The bright side of having a combined prom

During school registration, a newsletter was handed out addressing the change regarding the most important dances in high school, Junior Prom and Senior Ball. The ASB had combined the two dances, hopefully balancing the scale between the cost and attendance.  We at The Olympian support the idea of combined prom in order to keep a little more cash in our wallets while seeing an upgrade to the venue.

Last year, Junior Prom tickets ranged from $75 to $85 per person while seniors paid between $85 and $95 for their dance. The entire process of buying or renting dresses or tuxedos, buying corsages, tickets and renting a party bus adds up to a large amount that forces juniors to decide which prom they should attend. ASB found a significant amount of juniors who went to Senior Ball did not take part in Junior Prom, creating a $5,000 debt for the junior class account in 2018.

Most students can agree that a packed ballroom is better than having spaces of awkwardness between dancers. Integrating prom also means integrating students, so we support the DJ turning the beat on stage with thousands of hands flying up in the air in front of him.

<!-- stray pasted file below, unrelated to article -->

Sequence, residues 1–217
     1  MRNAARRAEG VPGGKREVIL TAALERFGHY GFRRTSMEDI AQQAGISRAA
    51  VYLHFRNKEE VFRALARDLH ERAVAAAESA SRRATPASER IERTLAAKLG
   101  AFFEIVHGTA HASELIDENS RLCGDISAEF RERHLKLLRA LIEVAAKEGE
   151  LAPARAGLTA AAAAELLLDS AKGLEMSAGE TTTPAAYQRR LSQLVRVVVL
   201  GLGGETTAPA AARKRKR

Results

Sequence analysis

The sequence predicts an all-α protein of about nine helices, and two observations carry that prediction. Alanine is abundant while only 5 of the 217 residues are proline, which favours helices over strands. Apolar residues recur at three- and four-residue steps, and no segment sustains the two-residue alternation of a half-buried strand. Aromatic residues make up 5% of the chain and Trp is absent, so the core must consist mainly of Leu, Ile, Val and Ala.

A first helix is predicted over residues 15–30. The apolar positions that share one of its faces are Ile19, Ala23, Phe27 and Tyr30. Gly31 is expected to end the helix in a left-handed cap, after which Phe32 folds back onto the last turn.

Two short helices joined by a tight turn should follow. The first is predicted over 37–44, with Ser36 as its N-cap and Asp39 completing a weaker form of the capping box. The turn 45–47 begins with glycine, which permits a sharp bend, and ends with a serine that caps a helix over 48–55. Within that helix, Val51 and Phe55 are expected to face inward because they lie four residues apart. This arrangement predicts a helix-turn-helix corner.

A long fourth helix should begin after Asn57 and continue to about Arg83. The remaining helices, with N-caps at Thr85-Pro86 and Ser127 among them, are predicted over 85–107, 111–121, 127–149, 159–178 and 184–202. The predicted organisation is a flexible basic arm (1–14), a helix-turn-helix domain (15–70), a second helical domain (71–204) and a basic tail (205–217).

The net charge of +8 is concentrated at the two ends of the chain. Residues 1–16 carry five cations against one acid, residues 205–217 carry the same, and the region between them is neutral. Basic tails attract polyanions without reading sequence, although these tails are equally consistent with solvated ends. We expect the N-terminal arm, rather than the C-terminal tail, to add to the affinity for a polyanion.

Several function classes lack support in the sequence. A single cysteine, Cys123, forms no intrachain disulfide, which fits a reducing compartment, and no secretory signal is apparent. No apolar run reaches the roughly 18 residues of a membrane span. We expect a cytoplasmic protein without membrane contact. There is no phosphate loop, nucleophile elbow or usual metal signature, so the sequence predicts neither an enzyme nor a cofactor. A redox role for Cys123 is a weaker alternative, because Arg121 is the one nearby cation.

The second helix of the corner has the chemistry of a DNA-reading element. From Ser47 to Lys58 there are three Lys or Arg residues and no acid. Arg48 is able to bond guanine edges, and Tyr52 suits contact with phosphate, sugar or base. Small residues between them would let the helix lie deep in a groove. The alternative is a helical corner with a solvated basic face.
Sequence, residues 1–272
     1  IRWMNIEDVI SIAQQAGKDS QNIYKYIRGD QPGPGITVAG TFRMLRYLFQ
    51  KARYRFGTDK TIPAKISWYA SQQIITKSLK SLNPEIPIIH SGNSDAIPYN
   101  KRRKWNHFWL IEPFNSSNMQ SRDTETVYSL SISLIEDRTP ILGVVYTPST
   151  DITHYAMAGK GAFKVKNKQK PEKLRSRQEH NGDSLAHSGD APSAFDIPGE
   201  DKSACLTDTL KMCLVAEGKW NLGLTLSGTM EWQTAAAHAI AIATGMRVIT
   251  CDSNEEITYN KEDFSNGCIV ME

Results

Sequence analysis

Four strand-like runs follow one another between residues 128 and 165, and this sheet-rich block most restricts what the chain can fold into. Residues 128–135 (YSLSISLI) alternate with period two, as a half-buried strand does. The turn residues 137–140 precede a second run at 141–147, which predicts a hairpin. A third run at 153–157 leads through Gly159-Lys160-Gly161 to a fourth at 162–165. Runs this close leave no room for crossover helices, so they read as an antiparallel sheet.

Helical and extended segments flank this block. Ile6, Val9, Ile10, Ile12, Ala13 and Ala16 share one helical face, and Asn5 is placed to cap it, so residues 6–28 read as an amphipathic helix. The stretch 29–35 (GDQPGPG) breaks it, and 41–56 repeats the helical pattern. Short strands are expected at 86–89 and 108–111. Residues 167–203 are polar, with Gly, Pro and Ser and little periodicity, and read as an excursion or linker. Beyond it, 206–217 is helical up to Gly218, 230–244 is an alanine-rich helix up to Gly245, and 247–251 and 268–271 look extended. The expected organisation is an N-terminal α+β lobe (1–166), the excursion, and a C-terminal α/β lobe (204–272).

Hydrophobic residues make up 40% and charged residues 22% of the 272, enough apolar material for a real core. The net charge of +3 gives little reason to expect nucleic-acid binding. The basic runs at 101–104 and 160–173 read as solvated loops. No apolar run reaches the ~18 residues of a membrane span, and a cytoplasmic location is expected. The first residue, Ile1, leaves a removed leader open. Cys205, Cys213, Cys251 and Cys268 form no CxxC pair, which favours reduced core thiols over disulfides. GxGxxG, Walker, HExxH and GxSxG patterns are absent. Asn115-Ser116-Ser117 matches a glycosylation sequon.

The combination of prom is not a new concept. Fremont, Monte Vista, James Logan, and Hayward high schools all have combined proms, surprisingly making CVHS an outlier in the area.  In addition, creating only one option eliminates the frowns on couples of different ages who had to decide which dance to attend.  

However, some believe having separated proms has been part of the school’s tradition. Two took place so both the junior and the senior classes had the entire venues for themselves. Seniors may not want juniors at “their” prom and the juniors may feel unwelcome.

Despite the opposition, we at The Olympian are optimistic about the modification. Putting senior sense of superiority aside, lowering the price will increase attendance and lead to a more full and memorable night.

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